I stood at th door, chatting with my neighbor as she packed up her drowsy two-year-old after a ruckus third birthday party for little Joseph. “It was so nice to have you over! We haven’t seen you in ages,” I offered. To reply, she dropped this bomb: “yeah, we’ve been busy. Last week the kids were all sick with RSV.” I gulped hard, meekly repeating, “RSV?”
If I were able to pronounce it, I might have shouted, “Respiratory Syncycial Virus!” as though it were an accusation, shaking my fist in protest.
Sure enough, two days later, my son (who had blown into every last noisemaker available at the party, regardless of owner) developed a barking cough, runny nose and slight fever–fetchingly accessorized with a wad of goop in each eye. Eeew. Then, my little Noah, shirker of every cold and flu, began to bark and cough, rasping for breath and crying every time he swallowed. Then Daddy got it. Either I’ve got a heck of an immune system, or my ability to catch a virus is as sharp as my my ability to catch anything thrown my way, but it always takes several weeks of repeated exposure if I finally catch a virus.
According to Dr. Jim Sears, RSV is a virus that causes a respiratory tract infection. It can cause respiratory tract illness in patients of all ages, but children under the age of one are especially vulnerable. RSV is a very serious concern for infants. In fact, it is the most common cause of bronchiolitis and pneumonia and is the leading cause of viral death in children under the age of five. It has also been shown that RSV is the number one reason for hospitalization of children under the age of one.
At 11 o’clock at night, this is not the news you want to read when your 10-month-old infant is feverish, red-faced and wailing. None of us slept. I kept vigil over my fitful baby, nudging him whenever the word “apnea” broke across my sleepy mind, and my husband tended to little Joseph. The Centers For Disease Control and Prevention (CDC) say each year as many as 125,000 children are hospitalized with serious RSV disease and some may die from complications. We were officially freaked out.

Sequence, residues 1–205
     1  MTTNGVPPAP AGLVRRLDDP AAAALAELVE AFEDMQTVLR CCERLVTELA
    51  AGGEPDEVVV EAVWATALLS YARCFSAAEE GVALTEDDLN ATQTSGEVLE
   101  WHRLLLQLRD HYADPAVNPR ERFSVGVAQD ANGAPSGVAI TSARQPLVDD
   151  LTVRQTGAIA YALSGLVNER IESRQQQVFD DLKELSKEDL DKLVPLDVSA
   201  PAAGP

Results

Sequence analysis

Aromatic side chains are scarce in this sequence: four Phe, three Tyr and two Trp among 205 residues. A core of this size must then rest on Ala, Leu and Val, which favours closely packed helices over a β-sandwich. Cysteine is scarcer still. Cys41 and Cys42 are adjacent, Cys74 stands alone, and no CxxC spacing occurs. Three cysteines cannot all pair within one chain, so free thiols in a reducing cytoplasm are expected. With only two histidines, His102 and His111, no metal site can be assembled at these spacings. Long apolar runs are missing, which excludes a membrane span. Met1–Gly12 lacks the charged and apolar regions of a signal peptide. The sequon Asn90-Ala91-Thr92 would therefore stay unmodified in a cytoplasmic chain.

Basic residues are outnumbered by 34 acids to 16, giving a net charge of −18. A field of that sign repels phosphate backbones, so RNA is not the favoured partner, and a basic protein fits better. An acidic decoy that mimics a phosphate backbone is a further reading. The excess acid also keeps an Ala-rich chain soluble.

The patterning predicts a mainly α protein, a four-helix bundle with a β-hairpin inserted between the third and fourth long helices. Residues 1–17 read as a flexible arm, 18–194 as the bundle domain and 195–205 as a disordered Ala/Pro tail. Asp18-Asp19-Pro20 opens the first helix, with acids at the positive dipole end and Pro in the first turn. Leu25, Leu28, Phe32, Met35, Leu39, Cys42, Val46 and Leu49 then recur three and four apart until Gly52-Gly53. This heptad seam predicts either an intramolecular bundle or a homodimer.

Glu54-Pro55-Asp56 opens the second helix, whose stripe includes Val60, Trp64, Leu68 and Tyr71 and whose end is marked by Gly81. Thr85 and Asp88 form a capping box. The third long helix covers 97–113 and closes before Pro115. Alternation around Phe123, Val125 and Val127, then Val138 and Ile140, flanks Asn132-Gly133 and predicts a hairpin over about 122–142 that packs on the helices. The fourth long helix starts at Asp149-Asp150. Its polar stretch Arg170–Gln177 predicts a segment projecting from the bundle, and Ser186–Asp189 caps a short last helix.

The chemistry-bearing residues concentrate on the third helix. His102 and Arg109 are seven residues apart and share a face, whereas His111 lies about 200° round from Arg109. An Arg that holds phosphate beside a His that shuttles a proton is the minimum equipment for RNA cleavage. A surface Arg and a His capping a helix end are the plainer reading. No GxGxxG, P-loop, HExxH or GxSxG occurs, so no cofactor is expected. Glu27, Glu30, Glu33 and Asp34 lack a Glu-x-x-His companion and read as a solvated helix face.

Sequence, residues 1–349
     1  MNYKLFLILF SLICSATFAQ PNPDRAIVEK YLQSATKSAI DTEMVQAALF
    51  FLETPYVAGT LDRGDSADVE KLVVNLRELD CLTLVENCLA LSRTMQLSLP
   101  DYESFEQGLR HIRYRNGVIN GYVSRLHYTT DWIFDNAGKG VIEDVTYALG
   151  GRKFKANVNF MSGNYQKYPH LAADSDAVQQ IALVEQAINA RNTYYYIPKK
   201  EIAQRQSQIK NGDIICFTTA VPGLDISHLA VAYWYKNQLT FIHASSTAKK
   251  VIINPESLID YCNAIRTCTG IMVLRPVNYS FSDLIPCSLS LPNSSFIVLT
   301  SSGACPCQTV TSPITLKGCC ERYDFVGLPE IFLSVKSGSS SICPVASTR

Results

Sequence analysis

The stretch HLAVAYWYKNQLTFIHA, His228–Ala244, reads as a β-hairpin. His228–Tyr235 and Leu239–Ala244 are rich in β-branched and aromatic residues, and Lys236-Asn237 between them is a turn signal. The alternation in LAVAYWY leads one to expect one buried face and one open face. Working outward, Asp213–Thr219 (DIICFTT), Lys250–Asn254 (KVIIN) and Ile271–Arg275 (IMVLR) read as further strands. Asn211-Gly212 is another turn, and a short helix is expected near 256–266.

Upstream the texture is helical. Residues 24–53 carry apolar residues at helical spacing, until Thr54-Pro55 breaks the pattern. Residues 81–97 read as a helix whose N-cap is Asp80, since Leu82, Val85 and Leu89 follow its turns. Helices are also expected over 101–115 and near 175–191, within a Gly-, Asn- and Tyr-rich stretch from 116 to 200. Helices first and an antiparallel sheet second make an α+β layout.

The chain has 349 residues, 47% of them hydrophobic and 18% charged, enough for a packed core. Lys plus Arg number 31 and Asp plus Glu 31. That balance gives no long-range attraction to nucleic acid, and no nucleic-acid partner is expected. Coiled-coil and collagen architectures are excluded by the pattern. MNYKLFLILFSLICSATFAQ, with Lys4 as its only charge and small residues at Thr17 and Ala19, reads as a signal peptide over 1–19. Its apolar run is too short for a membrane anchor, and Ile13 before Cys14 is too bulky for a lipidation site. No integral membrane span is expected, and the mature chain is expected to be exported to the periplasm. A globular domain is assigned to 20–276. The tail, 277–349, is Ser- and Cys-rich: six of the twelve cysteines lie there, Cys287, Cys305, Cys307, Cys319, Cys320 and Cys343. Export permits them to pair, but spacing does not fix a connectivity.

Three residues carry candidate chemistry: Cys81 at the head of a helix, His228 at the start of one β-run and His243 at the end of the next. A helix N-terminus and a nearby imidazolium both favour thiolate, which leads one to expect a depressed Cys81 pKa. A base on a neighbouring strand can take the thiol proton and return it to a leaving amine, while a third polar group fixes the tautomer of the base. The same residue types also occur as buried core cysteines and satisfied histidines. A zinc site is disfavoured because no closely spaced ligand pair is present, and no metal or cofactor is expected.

The next day, a visit to our ped (Dr. Mitchell Naficy) put us at ease. The boys are sick, but it isn’t life-threatening, and better yet, there is nothing we can do but ride it out, expecting symtoms to disappear over 3-4 days. I say ‘better yet’, because I also read about a shot called Synagis® (palivizumab) which may be administered (and anyone who knows me knows how I hate “new” pharmaceuticals (It’s 10 years old.). Reality check: little Joseph has embraced his “sick days” indoors—vitamin-fortified juices are appearing regularly, we’re cuddling up for Jungle Book and old Charlie Brown reruns, and of course, the three P’s (puzzles, painting and play dough.) Noah, on the other hand, is miserable. Fever after fever, sore throat and lack of appetite. Thank God I’m still nursing, or the child might starve and/or dehydrate.
Dr. Naficy also mentioned how these symtoms are sweeping the nation. In fact, I was on the phone with my dad who was visiting retired friends in Florida this month with exactly the same cough and cold and also ran into my neighbor whose daughter was one of our party guests, and she has developed “the bark.”
The birthday gift that just keeps on giving!
Allow me to close with a personal note so obvious I shouldn’t have to say it: Don’t bring your sick kid to a birthday party! RSVP no, thank you, we have RSV!